Calling prompts introspection

By Margaret Brinson, Managing Editor

A 20-year-old prostitute, trafficked to South Africa from her home in Mozambique, takes pictures with her friends during her downtime one afternoon. Photo by Margaret Brinson


When we pulled up to the church, I asked if she had ever been before . Quietly, she told me, “This is where I come to pray.”

The juxtapositions were staggering: not only was I talking God with a prostitute, but there was the contrast of her fate against mine, our dras­tically different life sto­ries, dreams and aspira­tions, even the color of her cracked and peeling coffee-colored hand next to mine.

But there we both were that afternoon, as I tried my best to finagle a story from my subject: Amanda, 20 years old, a victim of human sex traf­ficking. Bought and sold into slavery, from Mo­zambique to Durban and finally Pretoria, where I first met her in June, for Amanda the buying never stops. Now, though, it is only her body that comes at a price. Her soul has al­ready been claimed; it is property of the pimp.

I was green, just a few weeks into my internship as an international corre­spondent in the Republic of South Africa, when I got word of an opportunity to cover human trafficking in the region alongside a fellow reporter. I knew I had to do it. And after I had been once, I wanted to go again. And again.

This was a story I want­ed not only more than any I had ever worked on before, but more than my nights and weekends, more than sleep, more than my own well-being. When it came down to a question of safety over the scoop, I would have opted for the story every time.

I remember one night we found ourselves in the middle of a brawl. We had come to the red light district of town to hang out with the wom­en and hopefully hear a few of their stories. We had landed in hell. Shad­owy silhouettes darted in front and to the back of us, liquor fizzing and spraying through the air like fireworks in the dark. The pimps were scream­ing in some foreign tongue — presumably Zulu or Xhosa, the pre­dominant tribal languag­es of the area. As fists and insults continued to fly just steps away on the other side of the street, I had the distinct feeling that we were next. If our white skin and American accents did not give us away, the massive Can­on 7D at my side should have told them that we were trouble.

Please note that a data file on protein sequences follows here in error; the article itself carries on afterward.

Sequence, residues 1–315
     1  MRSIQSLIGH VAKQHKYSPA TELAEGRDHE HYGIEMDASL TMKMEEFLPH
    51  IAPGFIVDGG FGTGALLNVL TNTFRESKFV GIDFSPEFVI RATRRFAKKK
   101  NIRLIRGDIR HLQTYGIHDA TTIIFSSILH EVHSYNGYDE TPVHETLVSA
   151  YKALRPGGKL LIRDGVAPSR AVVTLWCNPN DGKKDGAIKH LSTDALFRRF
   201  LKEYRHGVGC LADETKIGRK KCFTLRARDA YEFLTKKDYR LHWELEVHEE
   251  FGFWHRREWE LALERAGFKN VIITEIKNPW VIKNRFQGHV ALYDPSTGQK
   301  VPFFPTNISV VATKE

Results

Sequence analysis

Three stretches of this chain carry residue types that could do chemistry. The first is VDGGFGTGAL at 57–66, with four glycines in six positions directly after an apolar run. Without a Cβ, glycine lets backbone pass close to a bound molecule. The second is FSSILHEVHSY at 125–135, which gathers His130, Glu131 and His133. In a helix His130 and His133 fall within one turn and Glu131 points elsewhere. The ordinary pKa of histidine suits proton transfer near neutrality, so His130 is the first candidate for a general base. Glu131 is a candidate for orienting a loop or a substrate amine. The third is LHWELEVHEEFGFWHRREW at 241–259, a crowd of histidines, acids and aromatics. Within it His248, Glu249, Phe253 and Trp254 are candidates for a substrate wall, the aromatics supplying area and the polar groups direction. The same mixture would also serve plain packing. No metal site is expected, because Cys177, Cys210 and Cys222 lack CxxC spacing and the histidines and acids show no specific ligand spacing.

I was scared. But I was not half as afraid as I was exhilarated, intoxicated in the moment — even the danger — drinking it in. And before I even knew what had hap­pened, I was hooked on the adrenaline.

I still wanted the story for the sake of the wom­en, for truth and for jus­tice, but I also wanted it for the excitement — for me. Instead of breaking the journalist’s cardinal rule of objectivity, I got lost in it. It was not the outcome or angle of the story I was interested in, but the thrill of getting it — the notch in my belt, the way it would read on a resume.

Now I know everyone wants a job they can be excited about. Most of us desire to do great things. But the journalist’s call is to be a voice for the voice­less — not to use them as an amplifier to shout our own names loud.

In the end, I never did get Amanda’s story. Af­ter all of the fighting that night, everyone was too on-guard to talk. Forty-eight hours later, I was on a plane headed back to the States. I would never be able to sign my name to that story, to say, “Look what I did!” But be­cause of that, I was able to step back and examine myself, see where I was heading in the wrong di­rection, and reform.

Most aid organizations estimate the number of humans trafficked across borders to be somewhere between 600,000 and 800,000 annually, with about 80 percent of those destined to land in the sex industry. Half of all trafficking victims are be­lieved to be children. As I sit writing this, a friend from South Africa tells me two of the young girls I met there had been sex­ually abused in the past. She was also a victim of abuse.

These are issues that matter. They are stories that matter more than me, and certainly more than my career. And I hope one day I get the opportunity to tell them again, not for me, but for those who need to hear, and more so, for those who deserve to be heard.

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The Cardinal & Cream is a student publication of Union University in Jackson, Tennessee. Our staff ranges from freshmen to seniors and includes a variety of majors — including journalism, public relations, advertising, marketing, digital media studies, graphic design and art majors.